Category: tv history

Nick Hammond, the first live action TV Spider-Man. 

If you grew up between 1947 to the 1970s, you’re probably familiar with the RCA Indian head test pattern. 

It was transmitted at the end of the broadcast day and at regular intervals during the day, so TV owners could calibrate their sets, and broadcasters could check their signals. Each part of the transmission had a function. 

William Daniels starred in a Batman clone series from the pop-art 1960s called Captain Nice. 

Where you primarily know William Daniels from is almost a generational test. 

  • If you know him mostly from St. Elsewhere, you’re a boomer;
  • If you know him as the patrician voice of the talking car KITT in Knight Rider, you’re Generation X;
  • If you mostly know him as the wise Mr. Pheeny in Boy Meets World, you’re a Millennial. 

William Daniels starred in a Batman clone series from the pop-art 1960s called Captain Nice. 

Where you primarily know William Daniels from is almost a generational test. 

  • If you know him mostly from St. Elsewhere, you’re a boomer;
  • If you know him as the patrician voice of the talking car KITT in Knight Rider, you’re Generation X;
  • If you mostly know him as the wise Mr. Feeny in Boy Meets World, you’re a Millennial. 

Fandom is still saying this, but Star Trek absolutely did not have the first interracial kiss on American TV ever in “Plato’s Stepchildren.” Many others predated it, and hell, it wasn’t even the first interracial kiss on Star Trek, much less American TV. 

Star Trek had an interracial kiss a full year prior in Season 2 on “Mirror, Mirror” between Shatner and actress Barbara Luna, who was of mixed race.

The first kiss between a black and a white person on American television was in Movin with Nancy between Nancy Sinatra and Sammy Davis Jr. in 1967, a full year prior to “Plato’s Stepchildren.” (The first kiss on British TV that we know of predated it, in 1964.)

I think the reason fandom still says this was the first interracial kiss was to make Star Trek, a show that aired on NBC in prime time in between ads for deodorant and dishwashing liquid, sound more edgy and progressive than a corporate product like it actually was. And while there’s nothing wrong with enjoying media and TV – I’d be the last person to say that, heck, I just had a post blow up that was just remembering how cool Six Million Dollar Man action figures were – at the end of the day, politics is something you do, not something you buy or watch.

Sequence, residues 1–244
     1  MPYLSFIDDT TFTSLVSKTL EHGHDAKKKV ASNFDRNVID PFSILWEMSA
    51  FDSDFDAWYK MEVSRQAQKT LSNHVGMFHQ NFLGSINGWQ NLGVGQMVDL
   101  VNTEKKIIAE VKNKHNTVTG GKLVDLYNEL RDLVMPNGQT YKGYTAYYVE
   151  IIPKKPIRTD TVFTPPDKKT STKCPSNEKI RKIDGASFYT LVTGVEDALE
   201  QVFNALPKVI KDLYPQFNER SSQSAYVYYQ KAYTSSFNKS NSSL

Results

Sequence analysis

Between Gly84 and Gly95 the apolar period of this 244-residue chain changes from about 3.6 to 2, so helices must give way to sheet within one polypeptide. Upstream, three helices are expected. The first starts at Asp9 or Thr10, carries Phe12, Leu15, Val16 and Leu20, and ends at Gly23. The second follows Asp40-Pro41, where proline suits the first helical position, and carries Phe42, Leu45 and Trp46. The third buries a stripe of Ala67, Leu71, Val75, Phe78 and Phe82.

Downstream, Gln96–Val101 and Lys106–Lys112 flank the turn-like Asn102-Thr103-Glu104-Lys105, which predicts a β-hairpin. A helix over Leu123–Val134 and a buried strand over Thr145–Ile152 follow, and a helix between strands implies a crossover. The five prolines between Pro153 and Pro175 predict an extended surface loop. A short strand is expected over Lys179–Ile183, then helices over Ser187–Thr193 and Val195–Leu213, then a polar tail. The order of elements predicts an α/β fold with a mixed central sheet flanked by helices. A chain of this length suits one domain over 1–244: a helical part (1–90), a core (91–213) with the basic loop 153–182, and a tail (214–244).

Farrah Fawcett.

The seldom seen “Lost in Space” animated special, 1973, intended as the first episode of a new show. Jonathan Harris was the only returning cast member.

The uniforms for the 50s space series “Space Patrol” were a bit different at the beginning of the show (top image) than they were at the end (bottom image). 

Once, someone asked me which of the 50s low budget space shows were any good, and I’ve told them the only one that’s really worth a rewatch at all is “Tom Corbett, Space Cadet.” It had a human element and people with real personalities, set around the camaraderie of young men who had a lot to learn. And Tom Corbett actually featured realistic science. One episode mentioned that you had to spend energy to decelerate in space, which, honestly…is better than most scifi shows today!

Susan O’Hanlon on “Jason of Star Command”

Bruce Lee and James Franciscus in “Longstreet,” about a blind insurance investigator, with Bruce Lee as his martial arts instructor.